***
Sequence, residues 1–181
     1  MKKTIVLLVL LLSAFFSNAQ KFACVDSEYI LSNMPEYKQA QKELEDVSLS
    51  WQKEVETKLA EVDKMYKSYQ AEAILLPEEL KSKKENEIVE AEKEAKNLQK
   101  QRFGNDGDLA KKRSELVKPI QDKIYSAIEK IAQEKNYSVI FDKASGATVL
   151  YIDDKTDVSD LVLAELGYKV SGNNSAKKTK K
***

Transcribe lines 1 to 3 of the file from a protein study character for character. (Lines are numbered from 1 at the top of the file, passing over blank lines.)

Sequence, residues 1–181
     1  MKKTIVLLVL LLSAFFSNAQ KFACVDSEYI LSNMPEYKQA QKELEDVSLS
    51  WQKEVETKLA EVDKMYKSYQ AEAILLPEEL KSKKENEIVE AEKEAKNLQK